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AS400 SQL

I had to use more SQL than usual the other day. It had been a while since I had much call to use SQL in my job for something more than a simple query, however. I needed to use it to update some records in a file as…

I had to use more SQL than usual the other day. It had been a while since I had much call to use SQL in my job for something more than a simple query, however. I needed to use it to update some records in a file as I really just didn’t want to write a program to do the work. SQL should have been much faster, had I a clue what I needed to do. Eventually, I struggled my way through it and it was much faster – assuming you didn’t count the time spent on the learning curve to get to where I could actually use it!

The difficulty really came from the fact that I needed to access some files that had unusual names – specifically, there are dots in the names. AS/400 SQL doesn’t seem to handle these as it does typical file names. The first thing I learned is that you need to put the filename, in all capital letters, inside a pair of double quotes. For instance: select * from “FILE.NAME”.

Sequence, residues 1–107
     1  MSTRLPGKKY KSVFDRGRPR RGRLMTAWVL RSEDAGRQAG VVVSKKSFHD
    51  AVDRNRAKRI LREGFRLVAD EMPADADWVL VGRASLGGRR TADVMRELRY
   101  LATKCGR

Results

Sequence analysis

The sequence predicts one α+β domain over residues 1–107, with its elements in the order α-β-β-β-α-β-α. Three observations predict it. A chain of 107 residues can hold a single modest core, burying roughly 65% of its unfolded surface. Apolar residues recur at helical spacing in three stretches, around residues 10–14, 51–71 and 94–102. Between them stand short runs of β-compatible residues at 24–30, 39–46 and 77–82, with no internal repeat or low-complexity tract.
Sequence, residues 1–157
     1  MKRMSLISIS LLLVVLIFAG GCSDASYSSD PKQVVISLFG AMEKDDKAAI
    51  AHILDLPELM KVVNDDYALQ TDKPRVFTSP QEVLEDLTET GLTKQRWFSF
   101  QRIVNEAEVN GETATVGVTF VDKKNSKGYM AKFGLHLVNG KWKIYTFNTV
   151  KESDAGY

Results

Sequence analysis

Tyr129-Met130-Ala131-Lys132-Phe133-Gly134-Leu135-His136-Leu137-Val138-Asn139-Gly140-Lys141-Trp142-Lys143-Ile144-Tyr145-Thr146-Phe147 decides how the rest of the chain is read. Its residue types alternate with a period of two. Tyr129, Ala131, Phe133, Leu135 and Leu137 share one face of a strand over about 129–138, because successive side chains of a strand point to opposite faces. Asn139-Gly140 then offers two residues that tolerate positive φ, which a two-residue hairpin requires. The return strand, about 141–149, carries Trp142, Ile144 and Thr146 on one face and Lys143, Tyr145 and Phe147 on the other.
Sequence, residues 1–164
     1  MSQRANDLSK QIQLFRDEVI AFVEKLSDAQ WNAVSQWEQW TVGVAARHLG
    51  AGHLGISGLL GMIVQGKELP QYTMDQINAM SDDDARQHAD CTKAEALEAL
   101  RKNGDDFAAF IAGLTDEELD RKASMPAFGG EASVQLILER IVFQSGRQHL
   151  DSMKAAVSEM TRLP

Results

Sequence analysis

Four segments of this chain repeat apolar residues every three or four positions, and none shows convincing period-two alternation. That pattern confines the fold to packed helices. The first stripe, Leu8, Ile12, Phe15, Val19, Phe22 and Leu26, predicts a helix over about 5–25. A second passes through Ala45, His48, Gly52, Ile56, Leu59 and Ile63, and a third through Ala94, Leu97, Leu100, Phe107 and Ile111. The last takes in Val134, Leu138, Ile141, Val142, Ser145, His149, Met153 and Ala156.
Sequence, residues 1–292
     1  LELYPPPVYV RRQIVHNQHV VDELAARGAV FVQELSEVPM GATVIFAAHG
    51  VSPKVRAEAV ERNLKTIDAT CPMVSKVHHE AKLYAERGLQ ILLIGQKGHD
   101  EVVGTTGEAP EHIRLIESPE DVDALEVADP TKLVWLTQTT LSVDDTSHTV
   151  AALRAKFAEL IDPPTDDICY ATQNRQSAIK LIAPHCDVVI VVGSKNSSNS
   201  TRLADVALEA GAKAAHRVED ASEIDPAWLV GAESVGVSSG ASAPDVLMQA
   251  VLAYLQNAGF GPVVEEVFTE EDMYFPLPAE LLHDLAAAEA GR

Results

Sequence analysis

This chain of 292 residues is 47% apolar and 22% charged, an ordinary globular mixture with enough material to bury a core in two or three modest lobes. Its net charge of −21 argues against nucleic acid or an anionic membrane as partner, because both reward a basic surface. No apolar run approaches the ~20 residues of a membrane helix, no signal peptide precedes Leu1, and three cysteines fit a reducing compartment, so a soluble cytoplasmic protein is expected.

While I did have the library containing this file in my library list, I ended up at one point needing to reference something in another library that was not in my library list. My natural instinct would be to put that library inside the quotes. Not a good choice. The library in this case needs to go outside the quotes: select * from library/“FILE.NAME”. Presumably if the library had dots in it, I’d need to put it in capital letters inside another set of quotes, keeping the slash outside of both sets. But I didn’t, so I didn’t test that.

Finally, I needed to delete some records based on the contents of another file. This is because the field I needed wasn’t in the file I was trying to use with the delete operation. I toyed with some joins, but couldn’t easily get the results I wanted. In the end, I used a subselect (not sure if that’s the right term) instead: delete from “FILE.NAME” where fieldname in (select fieldname from “OTHER.FILE” where otherfield = some condition).

What do you know? It worked!